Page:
Defines the substitution which will be applied while reading some values (in parameters to commands and others). <name> will be replaced by <value>. This substitution may be also performed in strings enclosed in apostrophes. In this case the <name> must be enclosed in $ (ex: 'value = $name$'. See also command GDEF
PARAMETERS: <new name> <original name>
Defines the substitution which will be applied while reading almost any read word from text. <New name> will be replaced by <original name>. This substitution may be also performed in strings enclosed in apostrophes. In this case the name must be enclosed in $ (ex: 'value = $name$').
.
finack 0x11 DEFINE
PARAMETERS: <name> <value>
Defines the substitution which will be applied while reading some values (in parameters to commands and others). <name> will be replaced by <value>. This substitution may be also performed in strings enclosed in apostrophes. In this case the <name> must be enclosed in $ (ex: 'value = $name$'. See also command GDEF
PARAMETERS: <new name> <original name>
Defines the substitution which will be applied while reading almost any read word from text. <New name> will be replaced by <original name>. This substitution may be also performed in strings enclosed in apostrophes. In this case the name must be enclosed in $ (ex: 'value = $name$').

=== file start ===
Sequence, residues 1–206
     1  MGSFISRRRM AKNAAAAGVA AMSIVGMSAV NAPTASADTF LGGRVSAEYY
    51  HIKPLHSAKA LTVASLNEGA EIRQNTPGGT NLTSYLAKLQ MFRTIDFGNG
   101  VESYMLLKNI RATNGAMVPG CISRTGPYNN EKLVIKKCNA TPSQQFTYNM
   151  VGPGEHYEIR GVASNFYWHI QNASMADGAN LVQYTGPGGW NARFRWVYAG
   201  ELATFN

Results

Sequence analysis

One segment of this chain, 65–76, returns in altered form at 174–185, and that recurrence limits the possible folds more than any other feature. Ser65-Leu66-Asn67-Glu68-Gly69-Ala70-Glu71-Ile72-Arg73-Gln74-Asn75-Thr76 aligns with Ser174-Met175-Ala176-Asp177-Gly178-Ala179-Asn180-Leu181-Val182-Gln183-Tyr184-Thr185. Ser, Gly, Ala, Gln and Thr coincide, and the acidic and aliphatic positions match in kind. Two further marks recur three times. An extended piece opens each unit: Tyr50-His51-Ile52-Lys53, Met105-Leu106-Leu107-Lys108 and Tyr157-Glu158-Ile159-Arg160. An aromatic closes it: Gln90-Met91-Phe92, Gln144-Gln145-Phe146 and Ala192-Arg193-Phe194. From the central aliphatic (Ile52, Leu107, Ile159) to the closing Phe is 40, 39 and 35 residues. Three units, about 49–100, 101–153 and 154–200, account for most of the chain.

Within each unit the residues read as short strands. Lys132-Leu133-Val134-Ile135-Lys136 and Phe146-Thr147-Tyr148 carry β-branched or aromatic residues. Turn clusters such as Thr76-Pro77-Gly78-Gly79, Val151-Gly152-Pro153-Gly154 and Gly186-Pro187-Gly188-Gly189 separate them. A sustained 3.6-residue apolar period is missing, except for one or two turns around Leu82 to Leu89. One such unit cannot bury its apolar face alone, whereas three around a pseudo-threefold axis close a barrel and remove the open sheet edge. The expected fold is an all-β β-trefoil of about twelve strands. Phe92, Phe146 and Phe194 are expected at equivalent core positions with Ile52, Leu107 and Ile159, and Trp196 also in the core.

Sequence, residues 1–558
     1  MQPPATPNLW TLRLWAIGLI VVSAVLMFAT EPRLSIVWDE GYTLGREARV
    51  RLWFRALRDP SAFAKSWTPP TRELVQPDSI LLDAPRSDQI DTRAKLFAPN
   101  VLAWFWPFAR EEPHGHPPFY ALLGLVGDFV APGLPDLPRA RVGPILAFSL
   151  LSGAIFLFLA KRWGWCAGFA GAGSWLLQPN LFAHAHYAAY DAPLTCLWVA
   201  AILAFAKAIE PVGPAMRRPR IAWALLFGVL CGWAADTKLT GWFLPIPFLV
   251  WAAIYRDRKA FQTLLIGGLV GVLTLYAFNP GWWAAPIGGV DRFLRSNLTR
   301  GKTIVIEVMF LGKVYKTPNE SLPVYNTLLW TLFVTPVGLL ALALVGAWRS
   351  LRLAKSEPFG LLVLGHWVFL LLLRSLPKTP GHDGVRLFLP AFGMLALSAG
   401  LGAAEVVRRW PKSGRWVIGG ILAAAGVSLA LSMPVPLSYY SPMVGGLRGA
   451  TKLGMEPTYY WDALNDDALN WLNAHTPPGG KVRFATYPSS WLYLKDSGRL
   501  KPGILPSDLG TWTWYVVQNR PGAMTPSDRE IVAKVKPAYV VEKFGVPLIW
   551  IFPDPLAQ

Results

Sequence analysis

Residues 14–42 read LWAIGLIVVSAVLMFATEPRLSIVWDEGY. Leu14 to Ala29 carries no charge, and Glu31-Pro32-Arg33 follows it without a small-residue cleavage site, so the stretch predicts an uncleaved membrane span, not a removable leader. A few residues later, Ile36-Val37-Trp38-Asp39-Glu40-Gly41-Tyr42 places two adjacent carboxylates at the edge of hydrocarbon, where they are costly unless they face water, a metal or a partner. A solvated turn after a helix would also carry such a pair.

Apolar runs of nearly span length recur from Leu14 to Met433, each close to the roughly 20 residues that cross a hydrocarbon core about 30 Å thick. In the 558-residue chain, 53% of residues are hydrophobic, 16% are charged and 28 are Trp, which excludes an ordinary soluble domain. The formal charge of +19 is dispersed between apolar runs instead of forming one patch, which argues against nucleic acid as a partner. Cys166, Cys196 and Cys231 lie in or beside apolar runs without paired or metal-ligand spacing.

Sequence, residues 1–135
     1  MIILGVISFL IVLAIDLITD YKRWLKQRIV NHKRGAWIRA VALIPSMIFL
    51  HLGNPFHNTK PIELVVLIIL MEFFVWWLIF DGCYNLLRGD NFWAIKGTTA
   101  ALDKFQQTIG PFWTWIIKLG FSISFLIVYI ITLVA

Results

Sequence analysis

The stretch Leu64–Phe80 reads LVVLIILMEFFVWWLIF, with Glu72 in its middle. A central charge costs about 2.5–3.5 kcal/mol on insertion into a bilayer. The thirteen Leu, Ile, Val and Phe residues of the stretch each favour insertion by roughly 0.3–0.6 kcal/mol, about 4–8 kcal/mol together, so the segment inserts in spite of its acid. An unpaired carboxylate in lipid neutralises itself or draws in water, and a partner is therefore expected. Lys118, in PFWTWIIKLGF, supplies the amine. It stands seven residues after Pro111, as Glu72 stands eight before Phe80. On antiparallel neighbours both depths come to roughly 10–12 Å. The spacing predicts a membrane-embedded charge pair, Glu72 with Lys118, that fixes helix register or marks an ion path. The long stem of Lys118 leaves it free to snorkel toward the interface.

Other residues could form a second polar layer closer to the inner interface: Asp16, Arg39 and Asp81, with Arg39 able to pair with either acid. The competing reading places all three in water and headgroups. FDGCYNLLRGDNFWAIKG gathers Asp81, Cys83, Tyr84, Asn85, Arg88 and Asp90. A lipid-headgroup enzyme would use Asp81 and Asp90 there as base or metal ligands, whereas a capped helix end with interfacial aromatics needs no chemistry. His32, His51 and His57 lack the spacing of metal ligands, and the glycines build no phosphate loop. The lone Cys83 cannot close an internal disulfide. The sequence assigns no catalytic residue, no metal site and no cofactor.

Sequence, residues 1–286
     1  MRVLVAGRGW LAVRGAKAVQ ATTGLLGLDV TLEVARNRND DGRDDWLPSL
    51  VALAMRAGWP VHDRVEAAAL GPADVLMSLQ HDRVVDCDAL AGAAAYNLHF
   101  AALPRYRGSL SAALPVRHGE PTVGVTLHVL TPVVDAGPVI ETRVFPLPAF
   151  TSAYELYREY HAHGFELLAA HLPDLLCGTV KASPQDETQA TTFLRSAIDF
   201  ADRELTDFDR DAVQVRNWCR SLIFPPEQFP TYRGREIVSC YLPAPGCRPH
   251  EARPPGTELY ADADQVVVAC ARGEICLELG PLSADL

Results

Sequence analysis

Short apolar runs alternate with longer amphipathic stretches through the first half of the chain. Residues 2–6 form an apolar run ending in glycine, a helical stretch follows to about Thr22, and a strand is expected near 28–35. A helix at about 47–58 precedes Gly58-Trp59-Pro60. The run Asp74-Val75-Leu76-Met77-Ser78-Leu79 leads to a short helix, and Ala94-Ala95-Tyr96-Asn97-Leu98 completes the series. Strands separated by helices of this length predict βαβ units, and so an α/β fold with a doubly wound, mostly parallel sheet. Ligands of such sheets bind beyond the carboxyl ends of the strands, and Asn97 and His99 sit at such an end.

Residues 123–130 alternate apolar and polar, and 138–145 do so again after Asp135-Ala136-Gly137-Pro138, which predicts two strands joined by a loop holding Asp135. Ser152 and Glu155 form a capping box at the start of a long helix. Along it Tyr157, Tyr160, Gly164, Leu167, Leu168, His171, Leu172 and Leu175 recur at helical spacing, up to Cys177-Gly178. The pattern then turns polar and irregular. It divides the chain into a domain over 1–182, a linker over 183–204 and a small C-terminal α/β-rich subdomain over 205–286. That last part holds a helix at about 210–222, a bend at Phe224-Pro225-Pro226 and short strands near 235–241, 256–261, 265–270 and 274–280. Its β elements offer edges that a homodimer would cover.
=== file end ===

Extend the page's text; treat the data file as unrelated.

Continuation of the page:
.
ra 0x14 DEFINE
PARAMETERS: <name> <value>
Defines the substitution which will be applied while reading some values (in parameters to commands and others). <name> will be replaced by <value>. This substitution may be also performed in strings enclosed in apostrophes. In this case the <name> must be enclosed in $ (ex: 'value = $name$'. See also command GDEF
PARAMETERS: <new name> <original name>
Defines the substitution which will be applied while reading almost any read word from text. <New name> will be replaced by <original name>. This substitution may be also performed in strings enclosed in apostrophes. In this case the name must be enclosed in $ (ex: 'value = $name$').
.
rstack 0x14
// define Flags fields
 
/*     Control Bits: 6 bits (from left to right):     URG: Urgent Pointer field significant   ACK: Acknowledgment field significant   PSH: Push Function   RST: Reset the connection   SYN: Synchronize sequence numbers   FIN: No more data from sender    */